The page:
This volume offers an overview of Byzantine manuscript illustration, a central branch of Byzantine art and culture. Just like written texts, illustrations bear witness to Byzantine material culture, imperial ideology and religious beliefs, as well as to the development and spread of Byzantine art. In this sense illustrated books reflect the society that produced and used them. Being portable, they could serve as diplomatic gifts or could be acquired by foreigners. In such cases they became “emissaries” of Byzantine art and culture in Western Europe and the Arabic world.
The volume provides for the first time a comprehensive overview of the material, divided by text categories, including both secular and religious manuscripts, and analyses which texts were illustrated in Byzantium, and how.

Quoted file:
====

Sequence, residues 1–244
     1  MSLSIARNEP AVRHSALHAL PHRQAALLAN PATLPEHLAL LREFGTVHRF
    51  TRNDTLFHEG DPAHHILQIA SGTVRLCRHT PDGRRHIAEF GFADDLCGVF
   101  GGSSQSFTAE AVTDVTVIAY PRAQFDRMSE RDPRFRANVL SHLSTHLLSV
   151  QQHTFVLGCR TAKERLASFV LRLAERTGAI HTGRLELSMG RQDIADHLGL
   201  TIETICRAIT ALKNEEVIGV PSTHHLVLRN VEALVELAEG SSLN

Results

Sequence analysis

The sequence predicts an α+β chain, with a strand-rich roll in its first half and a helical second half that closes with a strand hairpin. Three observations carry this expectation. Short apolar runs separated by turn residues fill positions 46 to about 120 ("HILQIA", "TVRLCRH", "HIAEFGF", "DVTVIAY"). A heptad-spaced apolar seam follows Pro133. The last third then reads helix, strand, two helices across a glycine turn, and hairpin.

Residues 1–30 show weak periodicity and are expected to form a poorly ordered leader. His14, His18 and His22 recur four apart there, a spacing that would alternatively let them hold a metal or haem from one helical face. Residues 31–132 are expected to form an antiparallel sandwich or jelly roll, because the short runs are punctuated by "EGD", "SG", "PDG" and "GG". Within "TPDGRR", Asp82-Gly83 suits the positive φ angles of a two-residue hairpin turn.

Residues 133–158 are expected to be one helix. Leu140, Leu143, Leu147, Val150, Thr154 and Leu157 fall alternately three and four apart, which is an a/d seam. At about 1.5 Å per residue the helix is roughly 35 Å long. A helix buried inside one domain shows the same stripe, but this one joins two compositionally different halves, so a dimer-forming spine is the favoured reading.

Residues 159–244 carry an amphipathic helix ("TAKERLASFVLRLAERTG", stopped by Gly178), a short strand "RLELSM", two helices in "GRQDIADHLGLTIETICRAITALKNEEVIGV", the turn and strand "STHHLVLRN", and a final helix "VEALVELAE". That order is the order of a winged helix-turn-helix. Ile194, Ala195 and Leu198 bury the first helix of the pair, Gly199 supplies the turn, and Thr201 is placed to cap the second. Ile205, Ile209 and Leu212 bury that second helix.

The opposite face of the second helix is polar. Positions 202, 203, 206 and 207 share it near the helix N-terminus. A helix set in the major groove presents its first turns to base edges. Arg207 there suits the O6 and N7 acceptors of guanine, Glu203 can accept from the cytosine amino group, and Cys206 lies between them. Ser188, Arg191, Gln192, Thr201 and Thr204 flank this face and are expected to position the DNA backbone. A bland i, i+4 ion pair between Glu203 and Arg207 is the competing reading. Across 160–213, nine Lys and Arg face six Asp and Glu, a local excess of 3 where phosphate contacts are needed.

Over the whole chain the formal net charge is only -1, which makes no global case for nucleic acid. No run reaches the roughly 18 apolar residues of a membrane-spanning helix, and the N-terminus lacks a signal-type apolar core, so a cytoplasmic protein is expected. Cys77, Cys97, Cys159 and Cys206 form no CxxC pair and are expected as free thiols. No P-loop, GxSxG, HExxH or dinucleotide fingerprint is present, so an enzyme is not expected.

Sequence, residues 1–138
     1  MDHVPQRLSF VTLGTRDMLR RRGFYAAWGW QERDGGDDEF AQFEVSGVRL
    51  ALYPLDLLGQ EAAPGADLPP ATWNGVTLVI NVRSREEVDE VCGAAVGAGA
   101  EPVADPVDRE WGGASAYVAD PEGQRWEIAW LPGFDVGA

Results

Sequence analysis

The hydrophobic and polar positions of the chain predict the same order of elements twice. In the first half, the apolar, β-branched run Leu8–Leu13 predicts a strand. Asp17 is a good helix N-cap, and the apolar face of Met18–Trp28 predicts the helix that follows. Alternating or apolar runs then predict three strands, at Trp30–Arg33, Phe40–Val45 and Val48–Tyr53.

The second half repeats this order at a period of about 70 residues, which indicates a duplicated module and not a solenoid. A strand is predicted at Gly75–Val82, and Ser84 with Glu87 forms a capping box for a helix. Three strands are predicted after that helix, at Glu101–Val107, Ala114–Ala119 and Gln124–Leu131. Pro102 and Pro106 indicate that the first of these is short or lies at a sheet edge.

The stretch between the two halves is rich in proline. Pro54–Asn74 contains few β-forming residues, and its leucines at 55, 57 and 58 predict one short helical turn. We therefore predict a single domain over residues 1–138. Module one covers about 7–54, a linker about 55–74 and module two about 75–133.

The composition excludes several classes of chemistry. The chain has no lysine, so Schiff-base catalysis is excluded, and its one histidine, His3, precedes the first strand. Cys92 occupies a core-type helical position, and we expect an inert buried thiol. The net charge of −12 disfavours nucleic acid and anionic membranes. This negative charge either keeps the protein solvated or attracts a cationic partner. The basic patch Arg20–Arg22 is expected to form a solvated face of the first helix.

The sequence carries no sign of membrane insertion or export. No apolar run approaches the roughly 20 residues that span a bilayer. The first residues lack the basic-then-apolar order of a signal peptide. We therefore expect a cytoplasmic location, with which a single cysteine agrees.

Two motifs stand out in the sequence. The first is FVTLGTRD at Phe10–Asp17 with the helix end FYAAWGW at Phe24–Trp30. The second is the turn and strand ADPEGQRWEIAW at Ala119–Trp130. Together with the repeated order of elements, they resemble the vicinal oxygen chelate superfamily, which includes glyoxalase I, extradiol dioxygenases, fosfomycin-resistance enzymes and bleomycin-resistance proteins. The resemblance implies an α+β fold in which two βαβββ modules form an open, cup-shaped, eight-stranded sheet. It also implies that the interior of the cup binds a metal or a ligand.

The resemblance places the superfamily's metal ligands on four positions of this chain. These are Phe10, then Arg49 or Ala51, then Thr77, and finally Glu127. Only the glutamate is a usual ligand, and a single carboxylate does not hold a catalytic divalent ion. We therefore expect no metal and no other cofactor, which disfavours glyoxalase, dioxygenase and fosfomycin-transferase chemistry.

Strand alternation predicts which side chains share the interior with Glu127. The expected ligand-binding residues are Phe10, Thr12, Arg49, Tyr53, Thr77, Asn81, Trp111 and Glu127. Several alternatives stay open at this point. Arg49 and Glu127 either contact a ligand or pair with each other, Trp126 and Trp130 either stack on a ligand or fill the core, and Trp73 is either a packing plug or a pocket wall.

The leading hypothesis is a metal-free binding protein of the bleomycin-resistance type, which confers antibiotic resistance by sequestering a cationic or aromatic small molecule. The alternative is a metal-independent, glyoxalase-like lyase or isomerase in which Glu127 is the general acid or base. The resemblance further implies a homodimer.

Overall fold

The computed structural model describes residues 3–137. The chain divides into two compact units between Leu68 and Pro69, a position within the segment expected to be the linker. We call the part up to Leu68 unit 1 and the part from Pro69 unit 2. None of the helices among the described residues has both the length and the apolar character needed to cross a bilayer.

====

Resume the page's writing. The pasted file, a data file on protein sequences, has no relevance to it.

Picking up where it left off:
Contributors are Justine M. Andrews, Leslie Brubaker, Annemarie W. Carr, Elina Dobrynina, Maria Evangelatou, Maria Laura Tomea Gavazzoli, Markos Giannoulis, Cecily Hennessy, Ioli Kalavrezou, Maja Kominko, Sofia Kotzabassi, Stavros Lazaris, Kallirroe Linardou, Vasileios Marinis, Kathleen Maxwell, Georgi R. Parpulov, Nancy P. Ševčenko, Jean-Michel Spieser, Mika Takiguchi, Courtney Tomaselli, Marina Toumpouri, Nicolette S. Trahoulia, Vasiliki Tsamakda, and Elisabeth Yota.
Vasiliki Tsamakda, Ph.D. (2001), University of Heidelberg, is Professor of Christian Archaeology and Byzantine Art History at the University of Mainz. Her research focuses on the study of Byzantine manuscript illumination, wall paintings and the relationship between East and West.
Scholars and students interested in book illumination, Byzantine art history, palaeography, text and image transmission and cross-cultural relationships.